Monday, June 29, 2020

Eaten Alive / *** (1976)

Much of what occurs on-screen in “Eaten Alive” is rooted in the sort of exploitative chutzpah of 70s horror films that frequently inspired those first audiences to recoil in utter disgust. Already familiar with those dubious qualities from his “The Texas Chainsaw Massacre,” of course, director Tobe Hooper committed to a similar premise that might as well have been transcribed from the diary of those original maniacs: a motel manager with crippling nervous ticks routinely invites strangers into his run-down establishment, terrorizes them and then murders them in cold blood before throwing their bodies – sometimes while still breathing – over the edge of his porch for a nearby crocodile to feast on. Occasionally, those victims will include relatives of prior victims, who go in search of their lost loved ones by retracing their steps right back to the spot of their demise. Yet somehow they resist all initial urges to question the shady nature of the establishment: stained wallpaper, rickety stairs and unstable floor boards all seem to suggest that a place like this would have been long condemned by the health board, much less been allowed to run a continuous operation. How do they allow themselves to dismiss skepticism long enough to accept lodgings? Why do they feel comfortable leaving behind their own belongings while they venture back into the city searching for clues? These are the impulses of men and women who have never even heard of a horror film, much less ever been in a situation where they are asked to exchange platitudes with eccentric recluses who smell of violence and shame.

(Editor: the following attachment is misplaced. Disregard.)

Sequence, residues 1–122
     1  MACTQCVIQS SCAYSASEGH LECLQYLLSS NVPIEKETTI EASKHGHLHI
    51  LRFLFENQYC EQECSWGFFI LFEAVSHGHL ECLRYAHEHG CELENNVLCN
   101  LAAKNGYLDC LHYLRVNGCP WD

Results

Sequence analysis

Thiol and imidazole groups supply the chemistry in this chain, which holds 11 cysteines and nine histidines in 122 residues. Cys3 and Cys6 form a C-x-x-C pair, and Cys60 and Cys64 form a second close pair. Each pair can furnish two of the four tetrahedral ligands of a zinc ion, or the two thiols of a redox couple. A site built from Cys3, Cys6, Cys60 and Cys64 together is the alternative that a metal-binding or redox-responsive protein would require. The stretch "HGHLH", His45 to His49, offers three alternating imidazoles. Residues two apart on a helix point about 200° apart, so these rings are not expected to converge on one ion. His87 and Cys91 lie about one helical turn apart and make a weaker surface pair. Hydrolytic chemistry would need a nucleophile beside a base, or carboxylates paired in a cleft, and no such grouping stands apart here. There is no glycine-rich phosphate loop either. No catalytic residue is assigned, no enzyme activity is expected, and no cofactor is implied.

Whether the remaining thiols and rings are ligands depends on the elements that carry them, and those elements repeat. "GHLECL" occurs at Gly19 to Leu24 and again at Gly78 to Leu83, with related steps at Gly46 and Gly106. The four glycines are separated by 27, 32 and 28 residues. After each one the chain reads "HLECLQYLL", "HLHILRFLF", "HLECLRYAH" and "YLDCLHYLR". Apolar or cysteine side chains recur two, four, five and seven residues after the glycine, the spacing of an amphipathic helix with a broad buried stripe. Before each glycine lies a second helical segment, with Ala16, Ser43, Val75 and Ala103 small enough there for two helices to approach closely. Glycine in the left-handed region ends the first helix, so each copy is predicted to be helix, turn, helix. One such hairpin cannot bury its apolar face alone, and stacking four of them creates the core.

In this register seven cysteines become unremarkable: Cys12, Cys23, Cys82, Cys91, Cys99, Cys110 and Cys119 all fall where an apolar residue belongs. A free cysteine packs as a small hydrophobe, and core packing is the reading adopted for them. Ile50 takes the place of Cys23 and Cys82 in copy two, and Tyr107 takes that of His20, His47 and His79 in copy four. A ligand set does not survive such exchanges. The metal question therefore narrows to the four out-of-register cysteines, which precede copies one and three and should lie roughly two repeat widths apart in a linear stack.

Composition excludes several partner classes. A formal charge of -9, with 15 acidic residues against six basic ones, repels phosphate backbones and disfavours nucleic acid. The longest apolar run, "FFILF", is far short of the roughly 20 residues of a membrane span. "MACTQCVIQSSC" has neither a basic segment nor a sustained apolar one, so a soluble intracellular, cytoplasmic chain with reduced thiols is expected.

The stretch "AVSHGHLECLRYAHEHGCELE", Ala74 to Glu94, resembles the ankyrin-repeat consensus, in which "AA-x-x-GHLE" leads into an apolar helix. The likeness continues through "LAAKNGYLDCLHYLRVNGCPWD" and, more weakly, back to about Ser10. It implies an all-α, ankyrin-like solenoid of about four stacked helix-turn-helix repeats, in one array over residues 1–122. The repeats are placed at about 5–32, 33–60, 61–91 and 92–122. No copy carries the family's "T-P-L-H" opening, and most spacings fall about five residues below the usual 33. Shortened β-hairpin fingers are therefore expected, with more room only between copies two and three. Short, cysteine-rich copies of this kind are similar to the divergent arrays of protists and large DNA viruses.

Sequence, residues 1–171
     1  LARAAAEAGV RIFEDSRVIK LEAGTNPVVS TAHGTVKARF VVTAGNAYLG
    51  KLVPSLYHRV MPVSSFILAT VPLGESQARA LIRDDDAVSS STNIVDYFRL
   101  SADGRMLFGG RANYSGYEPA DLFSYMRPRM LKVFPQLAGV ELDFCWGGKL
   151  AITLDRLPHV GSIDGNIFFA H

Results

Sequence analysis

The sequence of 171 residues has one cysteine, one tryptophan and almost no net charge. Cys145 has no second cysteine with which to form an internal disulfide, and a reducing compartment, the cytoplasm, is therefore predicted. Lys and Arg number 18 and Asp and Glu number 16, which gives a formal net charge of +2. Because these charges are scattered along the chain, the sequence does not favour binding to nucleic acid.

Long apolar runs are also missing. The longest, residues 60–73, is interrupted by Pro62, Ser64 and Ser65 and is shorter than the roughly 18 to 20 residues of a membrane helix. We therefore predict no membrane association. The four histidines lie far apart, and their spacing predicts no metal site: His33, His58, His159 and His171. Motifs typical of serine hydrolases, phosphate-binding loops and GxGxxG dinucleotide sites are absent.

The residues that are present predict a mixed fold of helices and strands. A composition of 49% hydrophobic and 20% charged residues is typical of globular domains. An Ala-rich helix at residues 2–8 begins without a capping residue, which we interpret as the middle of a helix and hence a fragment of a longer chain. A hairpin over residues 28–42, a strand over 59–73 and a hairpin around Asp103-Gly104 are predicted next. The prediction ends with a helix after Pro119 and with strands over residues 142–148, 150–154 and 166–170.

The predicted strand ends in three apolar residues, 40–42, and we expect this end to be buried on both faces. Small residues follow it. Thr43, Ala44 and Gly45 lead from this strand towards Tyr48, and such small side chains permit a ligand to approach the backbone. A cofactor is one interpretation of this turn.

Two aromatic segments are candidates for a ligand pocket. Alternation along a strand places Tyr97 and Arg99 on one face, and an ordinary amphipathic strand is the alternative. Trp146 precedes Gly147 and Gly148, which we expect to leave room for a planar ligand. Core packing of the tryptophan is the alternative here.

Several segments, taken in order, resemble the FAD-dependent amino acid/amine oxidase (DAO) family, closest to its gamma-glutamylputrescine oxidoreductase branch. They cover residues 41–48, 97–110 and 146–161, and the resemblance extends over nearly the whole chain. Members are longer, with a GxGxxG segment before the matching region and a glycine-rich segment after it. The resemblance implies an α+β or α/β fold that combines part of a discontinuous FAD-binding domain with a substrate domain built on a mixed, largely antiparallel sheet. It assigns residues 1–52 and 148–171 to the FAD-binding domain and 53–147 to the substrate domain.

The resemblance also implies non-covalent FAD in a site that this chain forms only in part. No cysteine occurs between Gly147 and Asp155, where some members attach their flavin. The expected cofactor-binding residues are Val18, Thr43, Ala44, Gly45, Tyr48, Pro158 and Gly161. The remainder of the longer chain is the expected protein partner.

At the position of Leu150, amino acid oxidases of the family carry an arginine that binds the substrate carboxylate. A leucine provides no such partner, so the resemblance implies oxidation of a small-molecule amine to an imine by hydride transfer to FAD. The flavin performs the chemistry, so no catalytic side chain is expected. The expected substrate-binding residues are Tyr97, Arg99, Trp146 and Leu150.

Yet on and on they pile up, like flying insects who thoughtlessly wander too close to an electric bug zapper. None of them die or struggle valiantly, either. They scream, plead, gaze on in disbelief, and sometimes even concede themselves as the blade of an oversize scythe makes impact with their delicate flesh. All the time, their killer looks on as if he is watching a floor show at Chuck E. Cheeses, exhibiting a gleeful stupor that allows him to be almost hilariously animated. Not a thought has gone into skill or modulation, of course, because all that violates the trajectory of the genre picture in the aftermath of “Chainsaw”; for a while, it was almost mandatory for the victims to submit to their fates without much struggle, lest that complicate matters and rouse the audience into thinking about alternative ways out. Yet to describe “Eaten Alive” in all its gory and simplified excess no longer does the experience justice. In this age when the bloody offenses of horror films have ceased following boundaries, all these descriptors are redundant. No, a film like this endures as entertainment because all the performances are pitched at that joyous trajectory of cartoonish excess.

You know the kind. Think of the likes of Sam Raimi’s “Evil Dead” or Scott Spiegel’s “Intruder,” which contain a delightful self-awareness that pigeonholed the grotesque visuals into a more lighthearted context, especially when the characters expressed their hysteria in almost comical ways. Perhaps some trace of that can be seen here, in a film that is probably more perceptive about itself than the more of the mainstream examples. It is rooted in glee, not in contempt. The giveaway comes early on during the first on-screen kill: an insecure call girl (Crystin Sinclaire) is exiled from a whorehouse and sent to fend for herself in the nearby foggy swamps, where she stumbles upon a building operated by Judd (Neville Brand), a so-called motel manager. He invites her to stay, proceeds to carry her bags upstairs, then completely turns the tables on her – there is an ambitious ambush that ends with her body being filleted by the spokes at the end of a garden rake. His entire demeanor is a compulsion of madness too strategic to be accepted as plausible. The laughs speak for themselves. While it is possible that those early moviegoers might have been inspired to loathing or fright by the display, of course, our more evolved psyches are able to look past ordinary blood splatters and see, perhaps for the first time, a nerve that is knee-deep in campy showmanship.